> posted by   on January 13th 2015

Wish list 2015: New Industry

2. New Industry

System change is inevitable. The next big industrial revolution is 3D printing. This is the true magic of our contemporary times that will change all branches. Automotive and air industries print parts for motors and jet engines to save as much petrol as they can. We print spare parts for home appliances and surgeons use this method to repair our bones, jaws and even organs in the coming future.

During a series of meetings at this year’s Dutch Design Week, a Dutch designer, Joris Laarman, was talking about his new project of printing an iron bridge over a channel in Amsterdam. Four large 3D robots/printers will print this bridge. For two years in the same city, DUS Architects has been printing 3D Printing Canal House. It is no longer “some contemplation” but the beginning of great changes in all industries. In his speech, Joris Laarman also mentioned IKEA, which is currently working on the whole new 3D printing department.

Through continuing improvement and better possibilities, we are already able to have serial productions in small home garages, which only confirms a return to local production.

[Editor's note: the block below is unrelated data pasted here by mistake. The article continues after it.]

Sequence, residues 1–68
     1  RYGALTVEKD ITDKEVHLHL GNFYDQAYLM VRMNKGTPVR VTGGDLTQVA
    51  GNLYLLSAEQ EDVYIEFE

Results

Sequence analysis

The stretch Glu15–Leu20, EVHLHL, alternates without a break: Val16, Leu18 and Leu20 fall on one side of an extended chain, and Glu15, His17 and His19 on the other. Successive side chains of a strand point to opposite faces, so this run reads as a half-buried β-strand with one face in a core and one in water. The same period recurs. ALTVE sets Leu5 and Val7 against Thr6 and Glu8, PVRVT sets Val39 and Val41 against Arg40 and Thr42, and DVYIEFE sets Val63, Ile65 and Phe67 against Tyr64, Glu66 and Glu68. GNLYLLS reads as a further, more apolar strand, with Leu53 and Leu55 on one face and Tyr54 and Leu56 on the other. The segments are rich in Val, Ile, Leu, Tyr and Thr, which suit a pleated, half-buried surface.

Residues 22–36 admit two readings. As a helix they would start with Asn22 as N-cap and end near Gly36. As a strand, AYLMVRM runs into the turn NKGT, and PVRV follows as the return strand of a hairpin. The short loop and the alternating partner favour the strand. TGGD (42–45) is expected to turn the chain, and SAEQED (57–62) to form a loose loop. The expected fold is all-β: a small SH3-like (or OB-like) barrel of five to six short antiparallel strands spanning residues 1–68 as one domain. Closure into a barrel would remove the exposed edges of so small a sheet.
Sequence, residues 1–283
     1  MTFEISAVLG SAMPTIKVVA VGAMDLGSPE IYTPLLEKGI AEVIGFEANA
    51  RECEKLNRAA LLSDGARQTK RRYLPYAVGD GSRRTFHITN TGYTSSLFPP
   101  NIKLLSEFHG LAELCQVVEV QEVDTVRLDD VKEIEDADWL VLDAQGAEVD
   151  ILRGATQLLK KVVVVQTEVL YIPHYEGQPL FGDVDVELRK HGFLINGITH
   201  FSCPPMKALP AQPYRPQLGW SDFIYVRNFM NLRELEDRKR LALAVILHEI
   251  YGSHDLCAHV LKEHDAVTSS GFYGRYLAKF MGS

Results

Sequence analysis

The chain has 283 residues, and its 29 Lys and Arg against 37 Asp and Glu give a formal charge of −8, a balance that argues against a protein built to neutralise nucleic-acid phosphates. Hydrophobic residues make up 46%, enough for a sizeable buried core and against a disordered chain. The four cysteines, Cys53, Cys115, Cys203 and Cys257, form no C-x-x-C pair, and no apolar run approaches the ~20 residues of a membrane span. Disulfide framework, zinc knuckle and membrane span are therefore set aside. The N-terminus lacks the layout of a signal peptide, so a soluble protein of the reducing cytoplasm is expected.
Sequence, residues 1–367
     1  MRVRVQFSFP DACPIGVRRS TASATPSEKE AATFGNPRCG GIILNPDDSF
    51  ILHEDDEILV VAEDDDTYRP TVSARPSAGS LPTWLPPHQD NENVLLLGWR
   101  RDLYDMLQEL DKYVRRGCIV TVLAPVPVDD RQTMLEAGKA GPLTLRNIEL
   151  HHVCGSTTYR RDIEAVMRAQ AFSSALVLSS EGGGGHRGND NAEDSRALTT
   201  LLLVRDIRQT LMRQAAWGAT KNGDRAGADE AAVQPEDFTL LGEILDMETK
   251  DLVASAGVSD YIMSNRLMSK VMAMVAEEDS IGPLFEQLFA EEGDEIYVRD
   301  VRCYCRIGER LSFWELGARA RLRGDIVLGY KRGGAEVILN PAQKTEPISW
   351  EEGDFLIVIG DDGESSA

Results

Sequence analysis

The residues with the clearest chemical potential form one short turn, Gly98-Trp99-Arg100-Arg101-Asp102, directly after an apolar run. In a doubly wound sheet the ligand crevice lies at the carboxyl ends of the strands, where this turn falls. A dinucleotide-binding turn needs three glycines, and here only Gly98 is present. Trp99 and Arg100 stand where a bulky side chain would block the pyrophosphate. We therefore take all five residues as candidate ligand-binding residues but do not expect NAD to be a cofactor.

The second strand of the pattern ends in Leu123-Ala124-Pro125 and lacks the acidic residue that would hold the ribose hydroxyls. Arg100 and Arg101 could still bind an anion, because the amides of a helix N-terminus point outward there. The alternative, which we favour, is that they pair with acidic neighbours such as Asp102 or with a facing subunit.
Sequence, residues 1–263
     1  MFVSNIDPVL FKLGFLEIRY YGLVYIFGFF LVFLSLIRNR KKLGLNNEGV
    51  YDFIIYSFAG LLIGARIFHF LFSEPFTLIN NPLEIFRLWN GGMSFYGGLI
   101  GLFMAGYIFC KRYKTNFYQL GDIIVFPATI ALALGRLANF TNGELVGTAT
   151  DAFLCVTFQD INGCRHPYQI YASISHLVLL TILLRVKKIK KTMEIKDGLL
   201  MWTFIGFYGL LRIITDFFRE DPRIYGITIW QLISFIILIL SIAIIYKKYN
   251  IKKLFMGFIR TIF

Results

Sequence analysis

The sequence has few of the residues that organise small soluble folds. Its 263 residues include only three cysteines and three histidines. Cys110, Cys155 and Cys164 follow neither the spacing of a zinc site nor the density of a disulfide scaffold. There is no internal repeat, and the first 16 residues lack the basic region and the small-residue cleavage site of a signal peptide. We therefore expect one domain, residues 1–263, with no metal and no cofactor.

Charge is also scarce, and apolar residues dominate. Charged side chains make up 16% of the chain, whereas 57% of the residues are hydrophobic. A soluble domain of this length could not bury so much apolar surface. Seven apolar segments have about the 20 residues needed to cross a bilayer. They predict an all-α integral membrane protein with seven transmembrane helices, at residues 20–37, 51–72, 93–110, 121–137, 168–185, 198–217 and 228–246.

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Above: 2 x 3D Printed IKEA Dentelle lampshades by Samuel Bernier


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Above: 2 x Mataerial – a large robot that can ‘draw’ three-dimensional sculptures from the ground up, or outwards from a vertical wall, seemingly immune to the force of gravity. Developed by a team of researchers including Petr Novikov, Saša Jokić from the Institute for Advanced Architecture of Catalonia (IAAC) and Joris Laarman Studio, the machine extrudes a fast thermo-setting polymer which solidifies on contact with air in a process they refer to as ‘anti-gravity object modeling’.


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 Above:2 x New Balance has developed a proprietary process for utilizing a runner’s individual biomechanical data to create hyper-customized spike plates designed to improve performance. The process requires race simulation biomechanical data which the New Balance Sports Research Lab collects using a force plate, in-shoe sensors and a motion capture system. Advanced algorithms and software are then applied to translate this data into custom 3D printed spike designs.


Above: 2 x Kinematics dress by Nervous System



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